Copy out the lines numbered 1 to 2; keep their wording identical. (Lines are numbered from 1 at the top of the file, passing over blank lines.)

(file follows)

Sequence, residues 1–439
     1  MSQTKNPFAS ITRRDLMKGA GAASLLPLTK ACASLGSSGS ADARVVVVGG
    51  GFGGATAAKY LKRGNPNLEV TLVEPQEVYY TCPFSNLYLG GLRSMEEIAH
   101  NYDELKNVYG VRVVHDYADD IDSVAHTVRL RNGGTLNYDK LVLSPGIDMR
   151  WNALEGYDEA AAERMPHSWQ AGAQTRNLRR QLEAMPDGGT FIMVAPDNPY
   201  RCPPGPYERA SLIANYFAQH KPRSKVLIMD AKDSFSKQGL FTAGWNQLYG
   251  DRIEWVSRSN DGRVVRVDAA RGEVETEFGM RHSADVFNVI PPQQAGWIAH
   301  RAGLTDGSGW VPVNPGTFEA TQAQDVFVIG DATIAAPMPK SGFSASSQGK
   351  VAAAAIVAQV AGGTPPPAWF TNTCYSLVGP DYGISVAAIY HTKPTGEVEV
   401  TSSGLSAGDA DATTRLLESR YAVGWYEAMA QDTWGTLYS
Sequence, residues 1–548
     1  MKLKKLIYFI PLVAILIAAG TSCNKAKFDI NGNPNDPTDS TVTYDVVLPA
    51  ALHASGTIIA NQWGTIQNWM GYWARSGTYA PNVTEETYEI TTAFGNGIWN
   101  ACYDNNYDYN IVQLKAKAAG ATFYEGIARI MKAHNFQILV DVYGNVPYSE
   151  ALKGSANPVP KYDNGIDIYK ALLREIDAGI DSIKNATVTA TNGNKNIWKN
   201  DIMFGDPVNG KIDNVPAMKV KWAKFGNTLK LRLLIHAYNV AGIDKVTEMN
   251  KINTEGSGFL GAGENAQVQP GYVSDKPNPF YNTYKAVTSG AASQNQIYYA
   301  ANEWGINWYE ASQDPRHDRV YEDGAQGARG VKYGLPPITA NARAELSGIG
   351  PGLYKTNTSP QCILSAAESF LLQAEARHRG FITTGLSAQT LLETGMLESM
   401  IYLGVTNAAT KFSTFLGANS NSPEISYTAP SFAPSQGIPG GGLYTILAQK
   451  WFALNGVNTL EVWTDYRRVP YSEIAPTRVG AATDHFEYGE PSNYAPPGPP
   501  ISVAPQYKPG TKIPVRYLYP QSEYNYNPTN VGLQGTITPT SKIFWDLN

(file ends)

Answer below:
Sequence, residues 1–439
     1  MSQTKNPFAS ITRRDLMKGA GAASLLPLTK ACASLGSSGS ADARVVVVGG